Legal marijuana is the best thing to happen to the economy. If you don’t believe that, take a look at the hard numbers.
As it stands right now, eight states (Alaska, California, Colorado, Maine, Massachusetts, Nevada, Oregon, and Washington state) and Washington, DC have laws on the books legalizing marijuana for recreational use. California, Maine, Massachusetts, and Nevada legalized cannabis in November of 2016, while Colorado and Washington state were the first states to do so in 2012. Given that those two states have had legal cannabis the longest, it’s important to look at the economies and public infrastructure of those two states as the best case studies for how legal weed affects a state.
According to Forbes, two of the top five state economies as of 2016 were Colorado (#5) and Washington state (#2). Washington state has GDP growth of 3.03 percent, and an unemployment rate of 5.8 percent. Colorado’s GDP growth rate is 4.66 percent, and its unemployment rate is at an astoundingly low 2.9 percent. Both of these states have growth rates significantly above the national average of 2.6 percent as of 2015, according to the World Bank.
In 2015 alone, Colorado’s legal marijuana industry is credited with creating more than 18,000 new jobs and generating an additional $2.4 billion in economic activity. When taking these numbers into account with data from years prior, the booming marijuana industry seems to be a key factor. In 2013 — shortly after Colorado voters passed a ballot initiative legalizing recreational marijuana statewide — the Denver Business Journal reported that Colorado had the sixth-highest GDP growth rate in the nation. The 3.8 percent rate Colorado recorded is more than double the growth rate from 2011, before marijuana was legalized.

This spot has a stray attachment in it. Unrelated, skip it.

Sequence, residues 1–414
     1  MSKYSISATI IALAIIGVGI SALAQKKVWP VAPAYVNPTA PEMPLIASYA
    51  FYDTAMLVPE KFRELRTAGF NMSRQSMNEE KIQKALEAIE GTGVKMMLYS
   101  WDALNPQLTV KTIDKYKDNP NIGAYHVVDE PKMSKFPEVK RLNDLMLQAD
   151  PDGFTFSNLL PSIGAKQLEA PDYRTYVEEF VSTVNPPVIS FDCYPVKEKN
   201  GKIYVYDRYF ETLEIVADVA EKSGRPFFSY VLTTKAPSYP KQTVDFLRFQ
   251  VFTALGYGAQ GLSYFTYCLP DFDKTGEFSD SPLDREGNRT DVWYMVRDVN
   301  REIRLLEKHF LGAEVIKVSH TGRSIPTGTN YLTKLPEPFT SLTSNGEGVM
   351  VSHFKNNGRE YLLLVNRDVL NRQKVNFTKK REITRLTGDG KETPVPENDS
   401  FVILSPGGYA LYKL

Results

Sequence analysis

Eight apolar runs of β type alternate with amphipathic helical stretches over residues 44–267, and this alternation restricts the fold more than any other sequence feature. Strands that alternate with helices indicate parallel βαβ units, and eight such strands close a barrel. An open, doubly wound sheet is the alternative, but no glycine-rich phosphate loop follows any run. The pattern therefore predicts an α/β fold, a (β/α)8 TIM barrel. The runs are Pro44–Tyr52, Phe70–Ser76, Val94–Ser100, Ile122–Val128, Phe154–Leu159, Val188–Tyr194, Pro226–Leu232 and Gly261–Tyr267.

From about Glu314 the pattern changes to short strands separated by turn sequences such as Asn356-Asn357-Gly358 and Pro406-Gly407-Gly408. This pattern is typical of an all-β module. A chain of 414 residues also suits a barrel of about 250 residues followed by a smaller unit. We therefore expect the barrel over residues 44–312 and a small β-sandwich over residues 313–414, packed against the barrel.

Both of these states’ strong economic performance is likely partially due to marijuana tax receipts. The Seattle Post-Intelligencer reported in 2016 that legal marijuana sales in Washington state had already topped $1 billion by July of last year. And in Colorado, the state’s pot shops sold $1.3 billion worth of marijuana in 2016 for more than $200 million in additional tax revenue.
In Washington state, 60 percent of the state’s marijuana tax revenue is earmarked for Medicaid and other state healthcare programs, according to the Tacoma, Washington-based News Tribune. Marijuana money in Colorado is, according to the Denver Post’s Ricardo Baca, going toward a combination of capital school construction, programs aimed at alleviating homelessness, and college scholarships.
Legal marijuana is also affecting population growth. Between 2015 and 2016, the U.S. Census Bureau reported that both of those states experienced some of the highest population growth in the country. In 2010, Colorado had a little over 5 million people. As of 2016, there were 5.5 million people living in the Centennial State, marking annual population growth of more than 91,000 people, ranking it #8 out of all states in total population growth. Washington state, for its part, grew its population by more than 127,000 people each year since 2010, making it the fourth fastest-growing population.
When taking all of this data into a larger context, it’s hard to not attribute these states’ booming economies and populations to legal marijuana, at least partially. However, the newfound fortune of these states is in jeopardy, as Attorney General Jeff Sessions has hinted at instructing his Department of Justice to enforce federal marijuana laws in states that have legalized it.
“States, they can pass the laws they choose,” said Sessions during a February speech at the National Association of Attorneys General. “I would just say, it does remain a violation of federal law to distribute marijuana throughout any place in the United States, whether a state legalizes it or not.”